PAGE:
Jeremy Vine: 'My heart sinks now when I see an airport'

Jeremy Vine
Jeremy Vine wants to head to New Zealand when restrictions are lifted Credit: BBC/Graeme Hunter
The presenter on his fondness for Appledore and how Africa changed him

Travel became eye-opening when I was 24

That was when I started working for the BBC on the Today programme in 1989. I covered the start of the Yugoslav civil war, where you would land at an airport and just say: “Take me to the war.” Reporters were given so much autonomy then.

Going to the Middle East for work is something I will always be grateful for

It was an amazing thing to do in my 20s, in an era when they would just send you somewhere and worry about the budgeting later.

As the BBC’s Africa correspondent I went to 18 African countries

It had an incredible effect because with reporting you’re always thinking of the two words, “other lives”. The further away you get from the way you live yourself, the more interesting it is. Africa changed me because I realised that the world is far more complicated and unfair than I had ever imagined.

I filmed Eggheads, the quiz show, in Glasgow

It was a punishing routine of as many as 65 episodes in 14 days, shooting roughly four or five a day. We’d get one precious day off in the middle of this fortnight, and it was an incredible sensation to wake up with no shooting schedule.

Kelvingrove Gallery, Glasgow Credit: 2006 Getty Images/Jeff J Mitchell

There is a great painting by Salvador Dali in the Kelvingrove Gallery, one of the Eggheads told me

So I went along and then developed a habit of going to visit it every time I had the day off. I must have looked at that painting 20 or 30 times, I became a bit obsessed by it! It opened the world of art to me, which I hadn’t really known much about and which has inspired my novel.

Glasgow is my favourite city in the UK

But given that my co-presenter, Storm Huntley, is from Glasgow I’d never be forgiven if I said Edinburgh. In Glasgow, just ask the cab driver to take you to Ashton Lane. It is this little cobbled street and there’s a place called Brel, where I would eat every night if I could.

We are a divided family in terms of a perfect holiday

Because my wife wants to look at ruins, but I would be very happy with a book and a deckchair.  

Last month we went to Devon and stayed in beautiful Appledore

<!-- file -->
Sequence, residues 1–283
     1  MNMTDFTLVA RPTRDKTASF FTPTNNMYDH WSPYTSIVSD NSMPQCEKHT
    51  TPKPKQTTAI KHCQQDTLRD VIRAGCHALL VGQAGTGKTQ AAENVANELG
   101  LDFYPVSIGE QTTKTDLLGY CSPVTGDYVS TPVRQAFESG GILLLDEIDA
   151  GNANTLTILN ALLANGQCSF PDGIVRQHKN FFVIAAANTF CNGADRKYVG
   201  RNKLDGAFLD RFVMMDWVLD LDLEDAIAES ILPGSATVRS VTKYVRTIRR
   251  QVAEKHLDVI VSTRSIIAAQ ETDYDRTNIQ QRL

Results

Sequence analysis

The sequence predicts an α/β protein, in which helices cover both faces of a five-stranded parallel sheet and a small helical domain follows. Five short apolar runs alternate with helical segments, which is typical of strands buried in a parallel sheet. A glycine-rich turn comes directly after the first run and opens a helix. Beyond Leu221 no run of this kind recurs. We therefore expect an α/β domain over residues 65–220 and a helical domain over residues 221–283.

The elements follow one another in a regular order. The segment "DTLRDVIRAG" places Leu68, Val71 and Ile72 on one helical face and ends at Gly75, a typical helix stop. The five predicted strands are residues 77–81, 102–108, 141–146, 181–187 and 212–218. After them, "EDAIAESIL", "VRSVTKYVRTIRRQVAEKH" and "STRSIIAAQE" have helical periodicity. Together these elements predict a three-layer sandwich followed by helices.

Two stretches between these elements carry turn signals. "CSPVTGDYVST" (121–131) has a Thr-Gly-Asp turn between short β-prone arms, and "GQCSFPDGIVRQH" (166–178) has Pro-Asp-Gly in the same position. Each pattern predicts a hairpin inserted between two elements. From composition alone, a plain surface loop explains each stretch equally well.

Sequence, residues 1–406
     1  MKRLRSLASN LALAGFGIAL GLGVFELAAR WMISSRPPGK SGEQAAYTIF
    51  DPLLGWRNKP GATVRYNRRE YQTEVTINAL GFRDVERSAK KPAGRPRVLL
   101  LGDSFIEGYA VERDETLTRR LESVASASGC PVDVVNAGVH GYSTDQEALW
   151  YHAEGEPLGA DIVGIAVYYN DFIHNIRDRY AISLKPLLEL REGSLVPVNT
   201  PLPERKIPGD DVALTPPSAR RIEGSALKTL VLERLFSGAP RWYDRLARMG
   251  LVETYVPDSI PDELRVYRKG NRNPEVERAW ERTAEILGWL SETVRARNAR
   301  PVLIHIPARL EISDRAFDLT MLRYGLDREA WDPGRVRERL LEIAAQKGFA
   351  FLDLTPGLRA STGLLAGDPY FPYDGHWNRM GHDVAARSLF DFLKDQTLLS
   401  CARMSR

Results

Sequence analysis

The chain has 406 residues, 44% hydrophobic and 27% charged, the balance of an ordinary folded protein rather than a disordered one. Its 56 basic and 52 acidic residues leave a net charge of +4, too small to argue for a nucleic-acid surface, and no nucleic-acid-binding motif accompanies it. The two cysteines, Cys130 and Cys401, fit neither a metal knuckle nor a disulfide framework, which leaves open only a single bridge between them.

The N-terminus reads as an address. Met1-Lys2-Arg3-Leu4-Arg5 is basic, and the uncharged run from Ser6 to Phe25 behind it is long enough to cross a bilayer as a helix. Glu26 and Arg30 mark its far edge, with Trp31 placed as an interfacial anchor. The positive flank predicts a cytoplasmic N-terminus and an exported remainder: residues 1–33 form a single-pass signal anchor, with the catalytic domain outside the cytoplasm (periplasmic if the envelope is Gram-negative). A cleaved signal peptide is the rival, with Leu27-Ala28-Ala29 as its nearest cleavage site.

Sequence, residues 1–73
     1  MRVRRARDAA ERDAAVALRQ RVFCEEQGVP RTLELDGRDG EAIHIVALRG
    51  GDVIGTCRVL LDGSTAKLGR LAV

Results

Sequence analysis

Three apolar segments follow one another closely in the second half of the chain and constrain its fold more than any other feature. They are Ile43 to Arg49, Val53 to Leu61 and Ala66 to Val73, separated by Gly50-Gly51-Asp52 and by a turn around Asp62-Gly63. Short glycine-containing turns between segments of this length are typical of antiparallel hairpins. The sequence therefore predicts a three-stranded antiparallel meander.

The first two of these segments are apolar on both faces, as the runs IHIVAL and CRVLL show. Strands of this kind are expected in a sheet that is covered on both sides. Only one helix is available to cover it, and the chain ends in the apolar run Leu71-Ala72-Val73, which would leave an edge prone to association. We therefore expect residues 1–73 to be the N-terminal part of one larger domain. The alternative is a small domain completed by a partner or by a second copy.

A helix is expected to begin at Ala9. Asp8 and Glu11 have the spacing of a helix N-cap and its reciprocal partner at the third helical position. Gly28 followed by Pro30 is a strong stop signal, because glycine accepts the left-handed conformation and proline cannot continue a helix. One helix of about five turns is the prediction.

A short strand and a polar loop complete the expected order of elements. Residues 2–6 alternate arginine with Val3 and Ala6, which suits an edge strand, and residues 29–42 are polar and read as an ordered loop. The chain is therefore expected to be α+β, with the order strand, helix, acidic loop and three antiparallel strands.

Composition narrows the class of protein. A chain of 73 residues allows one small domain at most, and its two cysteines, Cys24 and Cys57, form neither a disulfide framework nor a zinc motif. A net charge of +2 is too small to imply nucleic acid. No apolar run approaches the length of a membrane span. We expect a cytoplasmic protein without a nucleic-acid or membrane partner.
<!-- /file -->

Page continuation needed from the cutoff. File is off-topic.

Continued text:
It’s one of my favourite places in the country. It’s also near Sidmouth, where my wife’s family is from. We mainly holiday as a family in Devon; my kids demand it. So I feel quite fortunate because I’ve failed to get them interested in skiing. They just want to have bad weather and pebbles on the beach.

The British beach scene has been transformed by the wetsuit

Because you can now go into the sea without being cold.

New Zealand is next on Jeremy Vine's travel list Credit: huafires

My first experience abroad was when I was 14 on a school ski trip in France 

I remember I spent a week trying and failing to ski. 

My kids are now teenagers but 10 years ago they were of the age where if you could go somewhere sunny and beachy for a holiday, it was good

So, instead of Devon, we did once or twice branch out – to Tunisia and Egypt. Those places are difficult now with young families just because of the terror dimension. I am the opposite of a reporter when I am going on holiday with my kids. I have become much less intrepid and a little bit cautious about that stuff.

One day, on one of the travel reports on Radio 2 it was announced that there was a traffic jam in Mellon Udrigle

I asked where that was and, if you look at a map, it is near Ullapool, in Scotland. Someone tweeted me later to say: “Oh, you’ve got to come here. It’s the most beautiful place”. And so the following summer, we went there for a week, and had the most wonderful experience.

Lockdown led to some strange discoveries

Including the fact that you can tour the National Gallery online – and you can even tour Japan online. None of that matches up to the real travel experience, of course, as there is no smell, taste or touch.

My heart sinks now when I see an airport

It just means hassle. I used to see an airport as the gateway to a wonderful experience. But it’s the brutality of having to do the airport on the last day as well as the first. The fact that we’re now getting into a situation where on the travel day, you have to spend a day going backwards and forwards if you include the packing and the unpacking and the hired car. I think people are now trying to do holidays without an airport.

I would like to go to New Zealand

I’ve never been to Mexico or any of those incredible countries such as Uruguay, Paraguay, Brazil, Peru or Chile. I’ve seen deserts, but I’ve never really been to the Arctic or Antarctic. And that would include Alaska, northern Canada, and the really chilly bits of Russia.

Interview by Roz Lewis

The Diver and the Lover by Jeremy Vine (Coronet, £20: Hardback, ebook and audio) is out now. To book a live stream event with Jeremy,